Billionaire philanthropist George Soros has criticized Facebook's decision to not fact-check ads from politicians and slammed the company's leadership, raising fears that the world's largest social network could help get Donald Trump reelected as president. Soros' remarks show how the company still faces an uphill battle as it tries to repair its tarnished image after a series of scandals.
The Hungarian-American billionaire said last week that Trump and Facebook appear to be conspiring to help one another, allegations that the social network told Business Insider were "plain wrong." In an op-ed published in The New York Times on Friday, Soros said he disagreed with Facebook's response.
"I believe that Mr. Trump and Facebook's chief executive, Mark Zuckerberg, realize that their interests are aligned — the president's in winning elections, Mr. Zuckerberg's in making money," he wrote in the op-ed.
He pointed to Facebook embedding staff to help Trump's 2016 campaign run targeted ads on the social network and with the president last year.
Soros, who also argued that Zuckerberg and Facebook COO Sheryl Sandberg should not be in control of the company, thinks that if Facebook helps Trump get reelected the president will defend the company against regulators and the media.
Facebook didn't immediately respond to a request for comment, but told the Times that Soros was "wrong." "The notion that we are aligned with any one political figure or party runs counter to our values and the facts," a Facebook spokesperson told the Times.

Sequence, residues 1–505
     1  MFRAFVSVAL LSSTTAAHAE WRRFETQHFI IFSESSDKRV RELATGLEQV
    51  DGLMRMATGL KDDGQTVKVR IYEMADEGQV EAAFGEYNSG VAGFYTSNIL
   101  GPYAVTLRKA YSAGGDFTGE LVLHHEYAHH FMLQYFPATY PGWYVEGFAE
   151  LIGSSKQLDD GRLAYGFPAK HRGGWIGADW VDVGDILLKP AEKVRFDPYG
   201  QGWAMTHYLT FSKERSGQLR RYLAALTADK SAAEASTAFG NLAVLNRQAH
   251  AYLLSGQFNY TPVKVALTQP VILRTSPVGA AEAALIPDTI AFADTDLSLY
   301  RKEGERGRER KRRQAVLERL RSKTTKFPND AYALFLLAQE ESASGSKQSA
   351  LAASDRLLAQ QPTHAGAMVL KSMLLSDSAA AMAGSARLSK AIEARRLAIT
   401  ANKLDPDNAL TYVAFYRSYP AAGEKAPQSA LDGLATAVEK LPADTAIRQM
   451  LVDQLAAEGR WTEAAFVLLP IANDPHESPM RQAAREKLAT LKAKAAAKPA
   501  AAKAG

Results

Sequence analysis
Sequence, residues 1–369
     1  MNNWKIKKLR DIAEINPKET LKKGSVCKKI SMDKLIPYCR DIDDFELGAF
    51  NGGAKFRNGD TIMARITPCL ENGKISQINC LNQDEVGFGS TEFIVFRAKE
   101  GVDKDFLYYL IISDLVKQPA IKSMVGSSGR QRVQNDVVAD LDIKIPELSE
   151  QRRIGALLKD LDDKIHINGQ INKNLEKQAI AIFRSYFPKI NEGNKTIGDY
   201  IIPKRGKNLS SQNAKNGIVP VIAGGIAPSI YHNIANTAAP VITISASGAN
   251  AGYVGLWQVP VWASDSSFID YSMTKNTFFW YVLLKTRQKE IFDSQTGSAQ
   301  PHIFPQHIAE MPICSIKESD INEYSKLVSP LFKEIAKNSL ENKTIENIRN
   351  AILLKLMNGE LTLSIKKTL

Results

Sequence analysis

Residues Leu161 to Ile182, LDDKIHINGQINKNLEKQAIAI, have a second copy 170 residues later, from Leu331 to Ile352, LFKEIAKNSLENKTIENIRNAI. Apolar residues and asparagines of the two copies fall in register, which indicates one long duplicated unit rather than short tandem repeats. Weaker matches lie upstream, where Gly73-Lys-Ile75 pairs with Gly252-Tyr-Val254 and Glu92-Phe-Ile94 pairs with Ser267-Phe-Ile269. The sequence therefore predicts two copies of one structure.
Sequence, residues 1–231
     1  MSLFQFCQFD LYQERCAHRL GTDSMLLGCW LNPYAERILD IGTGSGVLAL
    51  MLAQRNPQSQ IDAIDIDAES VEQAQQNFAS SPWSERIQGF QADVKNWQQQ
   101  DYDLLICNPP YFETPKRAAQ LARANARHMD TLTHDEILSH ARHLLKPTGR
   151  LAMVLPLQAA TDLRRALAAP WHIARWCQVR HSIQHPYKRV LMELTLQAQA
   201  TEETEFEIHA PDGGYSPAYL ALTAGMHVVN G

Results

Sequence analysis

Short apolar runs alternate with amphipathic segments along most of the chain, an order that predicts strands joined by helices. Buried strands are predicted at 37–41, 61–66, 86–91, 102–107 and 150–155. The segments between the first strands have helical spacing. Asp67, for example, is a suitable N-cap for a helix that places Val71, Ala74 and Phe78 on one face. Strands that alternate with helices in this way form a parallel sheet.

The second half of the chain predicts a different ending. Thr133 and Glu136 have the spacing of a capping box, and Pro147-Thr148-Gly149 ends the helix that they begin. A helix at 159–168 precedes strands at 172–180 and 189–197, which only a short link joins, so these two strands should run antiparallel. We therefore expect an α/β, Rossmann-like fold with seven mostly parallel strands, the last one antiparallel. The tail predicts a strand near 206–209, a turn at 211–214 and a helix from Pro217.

Tensions between Facebook and Soros have heated up since the Times reported that Facebook hired an opposition-research firm called Definers Public Affairs to discredit the company's toughest critics, including Soros. In 2018, the philanthropist said during a speech at the World Economic Forum that Facebook and Google were a "menace" to society and should be regulated.
Soros, the founder of the philanthropic organization Open Society Foundations, is also one of many critics who say Zuckerberg has too much control over the company. Zuckerberg owns the majority of voting rights to Facebook, making it tough for others to keep his power in check.
Facebook's mission is to "bring the world closer together," but it's been criticized for tearing at the fabric of democracy. Russian trolls used the social network to sow discord among Americans during the 2016 US presidential election and Facebook doesn't send ads for politicians to fact-checkers. Facebook says that people should be able to see for themselves what politicians are saying.
Soros thinks Facebook's words and actions just don't match up.
"Facebook should be judged by what it does, not what it says," he said in the op-ed.
From lawmakers to even its own co-founders, Facebook is no stranger to dealing with criticism. On Wednesday,said his goal over the next decade "isn't to be liked, but to be understood."
Originally published Jan. 31, 11:04 a.m.
Update, 12:10 p.m.: Adds statement Facebook provided to The New York Times.